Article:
Review – Saints Row
They say you shouldn’t judge a book by its cover. The brand new reboot of the Saints Row franchise is a perfect example of this statement. Back when it was first announced, I cringed at its reveal trailer. It looked like a ton of things, EXCEPT the Saints Row I knew and loved. Clearly, it avoided the franchise’s absurdism in favor of a “millennial” approach, looking more like a mix between Fortnite and the “how do you do fellow kids” vibe from Far Cry: New Dawn.
It was a pretty bad reveal trailer, but Volition wouldn’t give up so easily. They wanted to show us that, yes, this would still be a Saints Row game at heart. Was this the reason they delayed the game by nearly half a year, from its original February release date? Did they add more content to win people over with a more familiar feel? That I’ll never know. All I know is that I have finally played the full product and, while I do have a lot of complaints regarding the series’ new direction, they were right: this is still Saints Row, and a damn good open world game to boot.
I don’t blame Volition with their attempt to reboot Saints Row. After the utter madness that was Saints Row IV, there was no way you could try to one-up it. Agents of Mayhem was an attempt to make something new with the franchise, but it fell flat. In order to move forward, Volition had to look back at their previous output and find a game that would piss off the least amount of people, as each Saints Row game feels completely different from one another in terms of comedic tone and structure. The Saints Row reboot is a clear nod to Saints Row 2 in particular, a game that tried to balance serious moments with some absurdist comedy. Granted, it is a bit funnier than 2, but at the same time, it has some tonal and atmospheric issues that simply did not feel Saints Row-ish at all in my opinion.
Saints Row feels like it was written by two completely different teams: one comprised of series veterans and another one comprised of people poached directly from Buzzfeed. One half wanted to maintain the franchise’s trademark idiocy, creating some of the coolest single-player missions I’ve ever seen in a GTA knockoff, often surpassing GTA itself. Whereas GTA would teach you the basics with a dumb “shoot the bottle” mission in a back alley, Saints Row does the same by throwing you in an homage to Mad Max: Fury Road, for instance. Or a gigantic shootout inside a museum, miniguns and machine guns included, not even forty minutes into the game.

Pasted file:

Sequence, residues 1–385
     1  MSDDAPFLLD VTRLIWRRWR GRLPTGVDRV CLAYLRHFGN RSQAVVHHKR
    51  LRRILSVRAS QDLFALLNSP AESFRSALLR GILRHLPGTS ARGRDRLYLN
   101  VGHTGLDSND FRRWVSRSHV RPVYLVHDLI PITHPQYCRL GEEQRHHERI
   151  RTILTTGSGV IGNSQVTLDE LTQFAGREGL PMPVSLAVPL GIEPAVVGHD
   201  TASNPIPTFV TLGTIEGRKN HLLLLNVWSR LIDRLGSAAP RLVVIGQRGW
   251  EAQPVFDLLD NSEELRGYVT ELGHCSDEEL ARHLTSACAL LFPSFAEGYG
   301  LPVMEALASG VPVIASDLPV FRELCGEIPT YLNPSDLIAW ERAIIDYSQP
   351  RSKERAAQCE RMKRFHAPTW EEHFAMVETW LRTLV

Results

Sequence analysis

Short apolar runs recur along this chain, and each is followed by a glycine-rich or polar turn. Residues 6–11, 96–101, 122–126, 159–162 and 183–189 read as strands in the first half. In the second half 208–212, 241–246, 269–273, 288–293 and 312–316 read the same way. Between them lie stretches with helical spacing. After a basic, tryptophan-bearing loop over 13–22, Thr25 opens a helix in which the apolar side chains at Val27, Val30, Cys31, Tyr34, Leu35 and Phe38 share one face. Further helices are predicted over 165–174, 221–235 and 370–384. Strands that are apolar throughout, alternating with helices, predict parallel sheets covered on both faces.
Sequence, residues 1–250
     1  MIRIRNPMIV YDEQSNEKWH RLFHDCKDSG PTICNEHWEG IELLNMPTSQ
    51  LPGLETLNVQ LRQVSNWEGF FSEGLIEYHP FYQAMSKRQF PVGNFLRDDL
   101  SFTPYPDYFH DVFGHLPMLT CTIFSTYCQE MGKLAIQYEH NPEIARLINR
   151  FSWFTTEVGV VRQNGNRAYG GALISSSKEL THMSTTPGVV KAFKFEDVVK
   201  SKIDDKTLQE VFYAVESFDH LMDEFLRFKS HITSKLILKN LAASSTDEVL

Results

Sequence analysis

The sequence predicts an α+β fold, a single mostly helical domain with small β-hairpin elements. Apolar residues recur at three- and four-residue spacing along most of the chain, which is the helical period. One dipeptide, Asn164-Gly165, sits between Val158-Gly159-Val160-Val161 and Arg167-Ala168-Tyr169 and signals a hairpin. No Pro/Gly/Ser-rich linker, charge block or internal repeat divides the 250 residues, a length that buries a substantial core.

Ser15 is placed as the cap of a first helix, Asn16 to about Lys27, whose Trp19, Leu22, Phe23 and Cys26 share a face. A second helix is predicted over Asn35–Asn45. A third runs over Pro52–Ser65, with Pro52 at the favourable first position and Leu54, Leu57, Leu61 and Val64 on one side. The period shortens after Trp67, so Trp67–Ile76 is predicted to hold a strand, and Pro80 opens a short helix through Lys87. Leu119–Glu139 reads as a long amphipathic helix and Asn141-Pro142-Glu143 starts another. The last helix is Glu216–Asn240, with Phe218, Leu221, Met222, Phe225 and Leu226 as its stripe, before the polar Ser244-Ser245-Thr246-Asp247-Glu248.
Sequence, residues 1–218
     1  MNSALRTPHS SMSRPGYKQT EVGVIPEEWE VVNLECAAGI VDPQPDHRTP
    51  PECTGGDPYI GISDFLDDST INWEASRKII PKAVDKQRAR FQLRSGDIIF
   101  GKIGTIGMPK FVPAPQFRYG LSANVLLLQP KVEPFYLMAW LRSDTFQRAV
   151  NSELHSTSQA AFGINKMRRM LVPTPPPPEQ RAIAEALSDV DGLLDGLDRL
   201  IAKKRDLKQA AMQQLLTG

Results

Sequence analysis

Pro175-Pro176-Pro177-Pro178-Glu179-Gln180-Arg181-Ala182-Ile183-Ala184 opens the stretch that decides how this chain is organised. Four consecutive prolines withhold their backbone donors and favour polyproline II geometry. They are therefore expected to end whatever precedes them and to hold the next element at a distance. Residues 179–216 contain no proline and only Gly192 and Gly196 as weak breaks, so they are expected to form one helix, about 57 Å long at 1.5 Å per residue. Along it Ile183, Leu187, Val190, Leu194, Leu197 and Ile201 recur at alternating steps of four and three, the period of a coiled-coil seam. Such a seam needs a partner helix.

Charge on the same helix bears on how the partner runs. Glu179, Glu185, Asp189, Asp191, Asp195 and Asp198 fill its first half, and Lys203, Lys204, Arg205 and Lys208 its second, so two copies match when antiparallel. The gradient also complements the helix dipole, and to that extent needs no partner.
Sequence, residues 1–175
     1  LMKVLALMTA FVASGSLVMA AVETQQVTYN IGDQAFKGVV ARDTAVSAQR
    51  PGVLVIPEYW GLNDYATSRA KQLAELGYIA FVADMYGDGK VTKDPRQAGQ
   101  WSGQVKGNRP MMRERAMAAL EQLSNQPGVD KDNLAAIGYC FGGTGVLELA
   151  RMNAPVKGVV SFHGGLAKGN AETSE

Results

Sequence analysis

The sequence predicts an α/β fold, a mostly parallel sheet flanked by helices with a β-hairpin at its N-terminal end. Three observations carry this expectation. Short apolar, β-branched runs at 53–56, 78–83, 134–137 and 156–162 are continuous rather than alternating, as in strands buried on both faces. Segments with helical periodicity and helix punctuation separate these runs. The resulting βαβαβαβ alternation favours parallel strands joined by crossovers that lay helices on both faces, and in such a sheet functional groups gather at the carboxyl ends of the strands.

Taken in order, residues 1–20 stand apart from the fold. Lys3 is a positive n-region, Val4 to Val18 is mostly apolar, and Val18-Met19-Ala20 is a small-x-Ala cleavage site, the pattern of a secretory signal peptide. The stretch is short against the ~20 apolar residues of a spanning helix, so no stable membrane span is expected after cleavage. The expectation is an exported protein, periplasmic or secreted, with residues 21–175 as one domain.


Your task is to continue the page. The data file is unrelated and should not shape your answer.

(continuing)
On the other hand, the “tame” bit of Saints Row is full of, for the lack of a better word, “Gen Z-isms”. The game is plagued with the same kind of “how do you do fellow kids” characters seen in Watch Dogs 2, Far Cry: New Dawn, Rage 2, and the Forspoken trailer. Characters that sound like pathetic attempts from older people to sound “hip” with the youths. I wanted to flinch in agony every time I heard one of the main characters actually saying the word “hashtag blessed” during a normal conversation. I also found the constant usage of social media posts as plot devices something unrealistic and idiotic… even for Saints Row standards.
There were other times Saints Row suffered from something I can only describe as “reverse MCU”. Do you know how people complain about MCU movies ruining dramatic moments with a joke being delivered from out of nowhere? Saints Row does the opposite: you’re casually blasting the hell out of a rival gang with a rocket-filled helicopter, and three seconds later you’re bombarded with some uncanny drama or a forced tear-jerking moment. This is something not even your own playable character, the Boss, is able to handle properly, as the Boss, thankfully enough, is still a dim-witted and snarky imbecile through and through. Love it.
All in all, the pandering towards the Buzzfeed generation falls flat each and every time the game attempts to be included by it. Saints Row has always been a series appreciated by those who thought that Grand Theft Auto was getting to realistic, too arcadey, too not-idiotic-enough. I get the removal of the franchise’s trademark misogyny (thank god) and some juvenile jokes, like the dildo-shaped baseball bat; 2022 is a different beast from 2011, after all. But don’t try to appeal so much towards an audience that won’t buy your game even if you desperately try to pander towards it. You will disappoint everyone as a result.
I have to admit that, despite the frequently cringeworthy millennial dialogue, I really enjoyed Saints Row‘s story. Most of that has to do with some really strong character development sections. Yes, they are cringy walking stereotypes of what forty-eight year old executives think college dropouts look and act like, but your Scooby Gang of “friends” (not “homies”, that doesn’t fit with our new Saints Row world) are really likeable. They felt like the complete opposite at first, but they won me over after a while. The plot is your standard “rags to riches” fare, but full of the aforementioned fantastic main missions that made me enjoy these story moments even more… despite the forced drama.
What I’m trying to say is that, yes, Saints Row is fun. Unnecessary pandering aside, this game still retains what made the series so cherished by those fed up with Grand Theft Auto‘s hand-holding and dated mission structure: good gameplay, memorable moments, and a ton of stuff to do on the side. I don’t think anything in it reinvented the wheel, especially considering this is supposed to be a reboot, but if you were worried about Saints Row not retaining the gameplay you’ve grown to love over the past fifteen or so years, fear not.